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Engaging First-Time Conference Attendees

Engaging First-Time Conference Attendees: 4 Tactics to Try

Of course you want to provide an exceptional experience for ALL of your conference attendees, but ensuring that happens for your first-time attendees is particularly important. Their decision to attend future events (and possibly even renew their membership) depends heavily on that first experience, so going the extra mile for those folks, in particular, is certainly worth it.

What does “going the extra mile” for your first-time attendees look like? Here are a few tactics worth trying:

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3 Bad Habits All Association Pros Need to Ditch ASAP

Posted by Callie Walker

Bad Habits to Break ASAP

Bad habits. We all have them, and for the most part, we all struggle to break them.

But the first step in breaking a habit is to identify what it is. Here are three bad habits that we think all association pros need to ditch ASAP:

Bad habit #1: Getting too comfortable

This is a hard one (but hey, aren’t all habits?) because who doesn’t like being comfortable? It’s a state we aspire to be in. But getting comfortable is bad for two reasons:

  1. It prevents you from growing professionally. To grow, you have to challenge yourself, and “challenge” and “comfort” typically don’t go hand-in-hand.

  2. It prevents your organization from evolving with the times. Regardless of what industry you work in, change is inevitable. (Think demographic shifts.) And to stay relevant, you have to be proactive, not reactive, and that means going outside of your comfort zone.

Now we’re not suggesting you abandon everything you currently do. If you’ve been working in the industry or at your organization for a while, you know what works. But do push yourself. With every task you tackle, attempt to try something new, whether it’s trying out a playful subject line in an email or switching up the formats of your educational breakout sessions. (Moving from 60-minute sessions to 40-minute sessions, for example.)

Sure, some things will flop, but you will learn and you will grow, and both you and your organization will be better for that.

Bad habit #2: Not leveraging your network

As association professionals, you have a pretty large network of contacts: other association professionals, vendors in your industry, your organization’s membership, even! But are you fully leveraging those contacts? Are you regularly asking for input and suggestions? Chances are, not as much as you could be.

Make a sincere effort to better leverage your network in 2019. Ask your members for input and feedback via a variety of surveys throughout the year. Talk to other association professionals via online forums to see what they’re doing and what they’ve done. (The Association Chat Facebook group and the American Society of Association Executives’ (ASAE) online member community, Collaborate, are two great places to engage with other association professionals.) And leverage your personal LinkedIn account, too! Connect with others, join industry-related groups, and ask questions if you need help.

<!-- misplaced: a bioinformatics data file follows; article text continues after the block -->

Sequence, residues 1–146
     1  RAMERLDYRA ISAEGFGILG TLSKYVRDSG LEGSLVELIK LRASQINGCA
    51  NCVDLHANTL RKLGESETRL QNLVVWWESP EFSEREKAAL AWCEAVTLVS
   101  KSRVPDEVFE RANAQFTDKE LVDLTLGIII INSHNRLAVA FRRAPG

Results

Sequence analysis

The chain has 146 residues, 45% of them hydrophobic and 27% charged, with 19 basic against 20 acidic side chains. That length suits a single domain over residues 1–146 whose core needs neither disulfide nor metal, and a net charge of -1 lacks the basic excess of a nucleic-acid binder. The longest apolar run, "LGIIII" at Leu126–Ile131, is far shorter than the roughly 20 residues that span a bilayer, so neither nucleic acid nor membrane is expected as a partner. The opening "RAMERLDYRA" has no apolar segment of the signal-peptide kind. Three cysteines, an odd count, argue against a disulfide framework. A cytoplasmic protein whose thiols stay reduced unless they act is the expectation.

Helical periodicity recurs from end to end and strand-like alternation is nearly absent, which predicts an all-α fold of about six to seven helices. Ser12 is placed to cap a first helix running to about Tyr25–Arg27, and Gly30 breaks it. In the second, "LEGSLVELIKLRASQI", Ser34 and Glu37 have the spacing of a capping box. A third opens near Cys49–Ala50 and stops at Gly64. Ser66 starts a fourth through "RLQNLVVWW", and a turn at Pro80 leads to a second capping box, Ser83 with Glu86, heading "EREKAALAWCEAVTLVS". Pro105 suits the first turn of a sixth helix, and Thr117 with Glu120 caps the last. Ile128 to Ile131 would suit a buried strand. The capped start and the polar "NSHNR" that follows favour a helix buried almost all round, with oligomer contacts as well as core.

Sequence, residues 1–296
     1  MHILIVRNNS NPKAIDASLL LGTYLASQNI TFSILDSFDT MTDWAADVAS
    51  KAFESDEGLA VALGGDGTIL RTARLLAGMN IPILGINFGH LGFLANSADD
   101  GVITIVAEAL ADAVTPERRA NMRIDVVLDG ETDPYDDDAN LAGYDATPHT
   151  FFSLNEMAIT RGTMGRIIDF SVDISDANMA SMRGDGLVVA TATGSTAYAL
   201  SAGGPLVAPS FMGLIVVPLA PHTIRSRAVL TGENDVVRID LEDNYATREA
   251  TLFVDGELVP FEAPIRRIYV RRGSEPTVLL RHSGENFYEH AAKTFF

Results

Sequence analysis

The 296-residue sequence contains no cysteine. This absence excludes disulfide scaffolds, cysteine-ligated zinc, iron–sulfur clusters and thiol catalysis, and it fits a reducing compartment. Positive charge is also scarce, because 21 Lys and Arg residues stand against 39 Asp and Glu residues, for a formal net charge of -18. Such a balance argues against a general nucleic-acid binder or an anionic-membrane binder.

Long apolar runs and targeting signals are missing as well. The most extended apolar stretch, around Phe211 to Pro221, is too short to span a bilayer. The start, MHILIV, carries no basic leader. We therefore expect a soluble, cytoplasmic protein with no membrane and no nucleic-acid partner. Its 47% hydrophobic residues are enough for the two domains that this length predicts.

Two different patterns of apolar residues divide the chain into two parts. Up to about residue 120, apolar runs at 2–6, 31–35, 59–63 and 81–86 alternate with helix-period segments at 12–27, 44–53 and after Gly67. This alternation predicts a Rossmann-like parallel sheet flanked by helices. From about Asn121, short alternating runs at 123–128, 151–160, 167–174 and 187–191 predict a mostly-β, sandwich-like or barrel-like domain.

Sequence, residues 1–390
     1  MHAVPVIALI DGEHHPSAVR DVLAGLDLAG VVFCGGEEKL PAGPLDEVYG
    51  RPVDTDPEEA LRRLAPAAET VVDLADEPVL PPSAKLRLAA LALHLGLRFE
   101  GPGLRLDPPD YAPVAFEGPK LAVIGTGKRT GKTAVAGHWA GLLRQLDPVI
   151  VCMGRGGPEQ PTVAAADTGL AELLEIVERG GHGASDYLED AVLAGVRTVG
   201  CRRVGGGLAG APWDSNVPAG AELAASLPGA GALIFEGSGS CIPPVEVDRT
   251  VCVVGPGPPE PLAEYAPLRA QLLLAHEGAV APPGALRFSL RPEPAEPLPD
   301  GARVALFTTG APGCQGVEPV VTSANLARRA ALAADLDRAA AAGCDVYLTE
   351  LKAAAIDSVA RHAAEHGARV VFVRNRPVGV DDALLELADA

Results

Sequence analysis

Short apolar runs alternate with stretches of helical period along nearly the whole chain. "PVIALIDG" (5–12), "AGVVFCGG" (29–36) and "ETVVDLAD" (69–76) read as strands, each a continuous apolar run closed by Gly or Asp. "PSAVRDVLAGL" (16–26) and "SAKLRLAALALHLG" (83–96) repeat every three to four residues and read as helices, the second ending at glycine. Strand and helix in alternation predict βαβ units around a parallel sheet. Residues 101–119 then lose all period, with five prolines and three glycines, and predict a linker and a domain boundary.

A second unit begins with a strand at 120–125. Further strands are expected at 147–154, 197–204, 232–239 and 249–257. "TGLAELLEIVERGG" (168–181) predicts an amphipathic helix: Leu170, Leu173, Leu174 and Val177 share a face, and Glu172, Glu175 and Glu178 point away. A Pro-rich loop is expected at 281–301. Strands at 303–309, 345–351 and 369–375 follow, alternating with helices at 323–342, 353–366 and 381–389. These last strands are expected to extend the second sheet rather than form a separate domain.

Connections are powerful! You know that. It’s one of your organization’s major value propositions. Just be sure to leverage yours.

Questions you may want to ask your network:

  • What keynote speakers have you been impressed with in the past?

  • What’s one new thing you’ve tried out at your meetings/conferences that’s worked out really well for you?

  • Do you have any recommendations regarding an association management system?

  • [To your members] What topics would you like to learn more about in 2019?

Use that feedback to steer your organizational decisions. Or at the very least, to learn more about your members and the association space.

Bad habit #3: Brushing off your successes

Too often, when something good happens - when we achieve something - we celebrate momentarily, but then quickly brush that off. We immediately jump to “what’s next?” On the flip side, though, when something bad happens - when we don’t achieve our goals - we dwell on that for days, weeks, and sometimes even months.

Talk about a bad habit.

This is one you need to break, not only for your own personal happiness, but for your members’ happiness as well. When you achieve something, either individually or organizationally, make it a point to celebrate that! If it’s an organizational achievement, post about it on social media or write a blurb about it in your newsletter. Get your members excited and keep that momentum going. If it’s an individual achievement, share that good news with your coworkers or treat yourself to lunch.

You work hard towards your goals, and you deserve to celebrate any and all wins!

Speaking of goals, what are your organizational goals for 2019? To grow your organization’s membership? To increase attendance at your annual conference? To recruit - and retain - more young professional members?

Regardless of what your goals are, allow us to help. Check out our Ultimate Guide to Membership Management, where we dive into best practices for membership recruitment, engagement, retention, and more!

The Ultimate Guide to Membership Management  Everything you need to know about managing your membership online, from  acquisition to engagement to retention. Download this guide

Topics: Small Staff Chatter

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